Mining will always be an inherently anti-environment activity to some degree due to the whole “digging stuff out of the ground” thing. But mining companies are a part of society, and as society as a whole looks for ways to decarbonize, so too does the mining industry.
In South Africa, mining company Anglo American wants to set an example at its platinum mine in Mogalakwena, which has become home to one of the world’s largest electric vehicles—a 210-metric-ton (463,000-lb) truck powered by hydrogen fuel cells.
The nuGen haul truck started life as a Komatsu 930E with a diesel-electric powertrain, in which a 16-cylinder engine acted as a generator to power the truck’s electric traction motors. Now, that diesel engine is gone, and the haul truck’s traction motors are powered by eight 100 kW hydrogen fuel cell modules from Ballard and a lithium-ion battery pack from Williams Advanced Engineering capable of outputting 1.1 MW, integrated by First Mode in Seattle.
“At First Mode, we know we are at a ‘fire-everything’ moment. The urgency in front of us requires that we deploy every tool and every technology to battle climate change,” said Chris Voorhees, president and CEO of First Mode. “I’m so proud of the team and our partnership with Anglo American, focused on decarbonization at the source to effect the meaningful, necessary change we all seek. We hope that this zero-emission clean energy breakthrough will inspire others to create significant action in the fight for our planet.”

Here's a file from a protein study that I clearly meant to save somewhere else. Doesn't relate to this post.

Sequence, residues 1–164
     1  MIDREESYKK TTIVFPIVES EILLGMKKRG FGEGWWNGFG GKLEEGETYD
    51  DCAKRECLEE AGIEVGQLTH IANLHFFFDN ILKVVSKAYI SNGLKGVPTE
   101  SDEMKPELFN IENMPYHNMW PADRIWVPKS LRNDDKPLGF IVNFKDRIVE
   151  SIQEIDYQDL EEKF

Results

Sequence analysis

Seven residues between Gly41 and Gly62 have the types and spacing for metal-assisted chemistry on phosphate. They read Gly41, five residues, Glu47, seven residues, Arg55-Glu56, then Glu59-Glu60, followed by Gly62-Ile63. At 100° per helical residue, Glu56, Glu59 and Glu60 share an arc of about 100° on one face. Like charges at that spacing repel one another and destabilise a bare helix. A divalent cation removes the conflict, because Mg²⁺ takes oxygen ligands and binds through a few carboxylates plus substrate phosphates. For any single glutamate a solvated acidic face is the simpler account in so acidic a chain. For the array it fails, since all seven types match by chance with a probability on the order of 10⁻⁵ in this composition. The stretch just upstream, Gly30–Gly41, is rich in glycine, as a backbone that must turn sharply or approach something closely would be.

Peak power for the fuel cell powertrain is 2 MW (2,682 hp), which is sufficient for the haul truck to retain its 300-metric-ton (661,000-lb) payload rating. When fully laden, the massive truck and its payload will tip the scales at 510 metric tons (1.1 million lbs).
Of course, the hydrogen has to come from somewhere, which is why Anglo American will make it on-site using a 3.5 MW electrolyzer, with electricity coming from a 100 MW solar array. When fully operational, it should be capable of producing up to a metric ton of hydrogen a day.
Anglo American says that large trucks like this account for up to 80 percent of its diesel consumption at mine sites, and big mining trucks could be responsible for about 3 percent of carbon emissions globally. The company plans to have 40 hydrogen-powered nuGens working at Mogalakwena by the end of this decade, as well as six other sites, including copper mines in Chile and iron ore mining in South Africa.